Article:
Two separate oil spills in North Dakota released more than 100 gallons of oil from the Dakota Access Pipeline and a feeder line in March, even before the controversial pipeline was fully operating, reports show.
The Associated Press reported that about 84 gallons of oil spilled from a leaky flange connecting a feeder pipe to the Dakota Access Pipeline on March 3. The spill occurred in Watford, North Dakota, contaminating snow and soil but not affecting any nearby waterways. The North Dakota Department of Health said that no people or wildlife were harmed by the spill.
Two days after that leak, another oil leak released about 20 gallons of oil in rural Mercer County, the AP reported, citing data from the Pipeline and Hazardous Materials Safety Administration. As with the previous leak, the March 5 leak contaminated snow and soil but did not affect nearby waterways. No harm to wildlife or humans was reported and the contaminated matter was removed.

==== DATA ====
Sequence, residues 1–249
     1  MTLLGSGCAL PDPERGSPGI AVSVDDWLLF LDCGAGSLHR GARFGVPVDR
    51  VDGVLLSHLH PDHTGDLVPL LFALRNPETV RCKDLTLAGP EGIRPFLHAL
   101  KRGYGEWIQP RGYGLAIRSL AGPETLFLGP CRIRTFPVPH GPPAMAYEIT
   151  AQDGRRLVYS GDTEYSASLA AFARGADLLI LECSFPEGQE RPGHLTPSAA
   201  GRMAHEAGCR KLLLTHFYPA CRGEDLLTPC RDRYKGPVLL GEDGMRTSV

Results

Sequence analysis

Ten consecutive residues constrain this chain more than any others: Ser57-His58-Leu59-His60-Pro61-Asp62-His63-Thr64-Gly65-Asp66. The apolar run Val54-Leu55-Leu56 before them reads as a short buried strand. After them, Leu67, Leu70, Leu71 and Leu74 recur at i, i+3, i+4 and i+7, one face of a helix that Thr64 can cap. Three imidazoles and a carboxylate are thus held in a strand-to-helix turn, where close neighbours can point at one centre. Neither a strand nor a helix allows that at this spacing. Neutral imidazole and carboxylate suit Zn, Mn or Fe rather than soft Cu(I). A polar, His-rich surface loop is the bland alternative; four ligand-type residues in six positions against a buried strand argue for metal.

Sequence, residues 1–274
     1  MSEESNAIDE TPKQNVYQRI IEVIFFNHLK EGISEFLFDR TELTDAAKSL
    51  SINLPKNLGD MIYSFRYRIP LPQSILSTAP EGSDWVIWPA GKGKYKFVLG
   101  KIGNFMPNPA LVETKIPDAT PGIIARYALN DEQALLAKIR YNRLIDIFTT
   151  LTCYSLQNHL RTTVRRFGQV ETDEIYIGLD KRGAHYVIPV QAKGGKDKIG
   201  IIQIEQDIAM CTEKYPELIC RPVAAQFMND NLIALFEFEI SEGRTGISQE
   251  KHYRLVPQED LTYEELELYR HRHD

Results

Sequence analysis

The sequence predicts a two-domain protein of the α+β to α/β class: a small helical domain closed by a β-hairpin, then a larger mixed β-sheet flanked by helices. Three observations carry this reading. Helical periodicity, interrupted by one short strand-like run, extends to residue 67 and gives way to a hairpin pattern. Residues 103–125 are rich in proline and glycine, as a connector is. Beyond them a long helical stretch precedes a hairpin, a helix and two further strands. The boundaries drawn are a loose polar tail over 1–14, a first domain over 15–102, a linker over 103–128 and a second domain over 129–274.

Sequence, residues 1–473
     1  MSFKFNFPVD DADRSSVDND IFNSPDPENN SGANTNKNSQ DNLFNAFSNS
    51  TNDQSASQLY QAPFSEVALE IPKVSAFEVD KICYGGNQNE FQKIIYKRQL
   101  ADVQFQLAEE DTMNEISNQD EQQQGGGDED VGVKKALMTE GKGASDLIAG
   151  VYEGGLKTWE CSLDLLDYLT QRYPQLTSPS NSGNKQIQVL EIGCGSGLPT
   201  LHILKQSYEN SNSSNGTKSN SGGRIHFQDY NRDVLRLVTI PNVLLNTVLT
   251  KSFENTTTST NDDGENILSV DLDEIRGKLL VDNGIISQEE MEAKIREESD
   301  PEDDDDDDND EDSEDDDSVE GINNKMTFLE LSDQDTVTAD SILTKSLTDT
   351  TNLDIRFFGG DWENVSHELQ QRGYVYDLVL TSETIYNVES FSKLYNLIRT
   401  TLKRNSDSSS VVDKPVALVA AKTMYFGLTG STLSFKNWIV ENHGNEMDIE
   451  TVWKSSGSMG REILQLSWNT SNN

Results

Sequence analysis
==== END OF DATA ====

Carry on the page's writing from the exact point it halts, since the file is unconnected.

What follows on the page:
The PHMSA report says the leak occurred when an above-ground valve failed because of a manufacturing defect. Texas-based Energy Transfer Partners, which is developing the Dakota Access Pipeline, inspected other valves of the same type and found them to be in proper order.
The March leaks preceded another Dakota Pipeline spill that released about 84 gallons of oil in South Dakota on April 4. That spill occurred at a rural pump station, the AP reports, but the South Dakota Department of Environment and Natural Resources did not notify the public of it beyond including a report in its online database.
No leaks were reported along the pipeline in Iowa or Illinois.
ETP is building the 1,200-mile pipeline to transport oil from North Dakota to a distribution point in Illinois, despite widespread protests that it brushed off the concerns of Native Americans who say the pipeline tarnishes sacred land and threatens water supplies.
Several tribes, including the Cheyenne River, Standing Rock, Yankton, and Oglala Sioux continue to fight the pipeline in federal court and have even taken their case to the United Nations in efforts to get the pipeline shut down.
Critics of the pipeline say that even though the Dakota Access Pipeline leaks have been relatively minor, they are indicative of larger environmental disasters the pipeline will bring in the future.
“We have always said it is not a matter of it, but when,” tribal attorney Jan Hasselman told the AP after the South Dakota leak. “Pipelines spill and leak. It’s just a fact.”